The handsome cinnamon fern (Osmunda cinnamomea) grows 2 to 5 feet tall. The fertile fronds look much different than those of the infertile green fronds. The fertile fronds first emerge as fiddleheads that have golden fuzz and then unfurl into a dark-green stick covered with specialized pinnae that produce bumpy clusters of sporangia. The sporangia turn a rich cinnamon color when they mature. The infertile, deciduous fronds emerge later and envelop the fertile fronds.. Cinnamon ferns grow in moist or wet acidic soils, including clay, sand, and loam. They prefer partial or full shade, but can grow in full sun if they are in standing water.

 

The glorious, deciduous, infertile fronds of the ostrich fern (Matteuccia struthiopteris) form conical clumps 3 – 6 feet tall. The feather-shaped fronds are made up of long, thin pinnae that taper at both ends of the stipe. The separate fertile fronds are rigid and much shorter than the infertile fronds. The edges of the pinnae are highly modified and curl over the sporangea—they look like they are covered with brown beads. They develop in fall and persist through winter, releasing spores. Ostrich ferns grow in moist soils with near-neutral pH. They like partial to full shade and do not do well if the soil is dry. Ostrich ferns are aggressive so you have to be diligent if you don’t want them to take over your yard.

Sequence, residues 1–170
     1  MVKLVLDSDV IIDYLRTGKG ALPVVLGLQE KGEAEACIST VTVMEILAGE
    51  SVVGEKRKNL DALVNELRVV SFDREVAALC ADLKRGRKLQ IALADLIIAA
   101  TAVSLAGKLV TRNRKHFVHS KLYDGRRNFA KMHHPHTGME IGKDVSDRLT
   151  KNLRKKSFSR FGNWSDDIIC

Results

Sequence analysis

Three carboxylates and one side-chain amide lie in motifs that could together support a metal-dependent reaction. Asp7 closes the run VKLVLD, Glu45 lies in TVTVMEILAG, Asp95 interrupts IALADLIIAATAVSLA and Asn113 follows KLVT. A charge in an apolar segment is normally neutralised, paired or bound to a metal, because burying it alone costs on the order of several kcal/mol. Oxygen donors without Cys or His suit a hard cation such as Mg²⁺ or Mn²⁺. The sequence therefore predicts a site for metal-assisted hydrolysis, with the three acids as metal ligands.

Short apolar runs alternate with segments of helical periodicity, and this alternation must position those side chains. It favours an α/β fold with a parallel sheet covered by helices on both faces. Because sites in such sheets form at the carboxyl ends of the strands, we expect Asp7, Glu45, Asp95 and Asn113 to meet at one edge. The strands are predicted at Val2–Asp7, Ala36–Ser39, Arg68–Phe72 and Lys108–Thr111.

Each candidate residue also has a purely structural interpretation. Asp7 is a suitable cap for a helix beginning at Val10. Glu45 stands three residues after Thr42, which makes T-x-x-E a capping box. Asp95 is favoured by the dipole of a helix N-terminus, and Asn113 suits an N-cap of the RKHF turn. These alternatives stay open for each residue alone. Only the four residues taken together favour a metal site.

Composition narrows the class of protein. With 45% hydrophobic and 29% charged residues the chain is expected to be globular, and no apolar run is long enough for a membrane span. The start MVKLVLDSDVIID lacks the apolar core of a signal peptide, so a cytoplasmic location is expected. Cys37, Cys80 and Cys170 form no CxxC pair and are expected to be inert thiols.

Most of these ferns can easily be found at Mahoney’s Garden Center in Winchester, Russell’s Garden Center in Wayland, Garden in the Woods in Framingham, and many other places.

 

 

References

New England Wild Flower Society, Conservation Notes of New England Wild Flower Society “Ferns of New England; Volume 6, No. 3, 2002

 

Lady Bird Johnson Wildflower Center (www.wildflower.org)

 

Missouri Botanical Garden (www.missouribotanicalgarden.org)

 

Connecticut Botanical society (www.ct-botanical-society.org)  

 

Illinois Wildflowers (www.illinoiswildflowers)

 

About Ferns (www.aboutferns.com)